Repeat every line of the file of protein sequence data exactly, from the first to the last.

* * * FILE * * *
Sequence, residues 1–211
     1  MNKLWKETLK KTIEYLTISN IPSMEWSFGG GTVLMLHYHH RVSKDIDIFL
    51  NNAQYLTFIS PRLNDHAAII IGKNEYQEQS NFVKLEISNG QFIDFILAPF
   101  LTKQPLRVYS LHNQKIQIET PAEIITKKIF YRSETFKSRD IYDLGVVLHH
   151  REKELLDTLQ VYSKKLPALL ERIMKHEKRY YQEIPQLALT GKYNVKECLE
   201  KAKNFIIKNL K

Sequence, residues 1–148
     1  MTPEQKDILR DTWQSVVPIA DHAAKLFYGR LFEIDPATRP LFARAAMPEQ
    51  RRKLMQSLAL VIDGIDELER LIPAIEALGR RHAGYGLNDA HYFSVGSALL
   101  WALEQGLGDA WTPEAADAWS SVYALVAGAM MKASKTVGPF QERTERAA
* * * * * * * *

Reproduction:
Sequence, residues 1–211
     1  MNKLWKETLK KTIEYLTISN IPSMEWSFGG GTVLMLHYHH RVSKDIDIFL
    51  NNAQYLTFIS PRLNDHAAII IGKNEYQEQS NFVKLEISNG QFIDFILAPF
   101  LTKQPLRVYS LHNQKIQIET PAEIITKKIF YRSETFKSRD IYDLGVVLHH
   151  REKELLDTLQ VYSKKLPALL ERIMKHEKRY YQEIPQLALT GKYNVKECLE
   201  KAKNFIIKNL K

Sequence, residues 1–148
     1  MTPEQKDILR DTWQSVVPIA DHAAKLFYGR LFEIDPATRP LFARAAMPEQ
    51  RRKLMQSLAL VIDGIDELER LIPAIEALGR RHAGYGLNDA HYFSVGSALL
   101  WALEQGLGDA WTPEAADAWS SVYALVAGAM MKASKTVGPF QERTERAA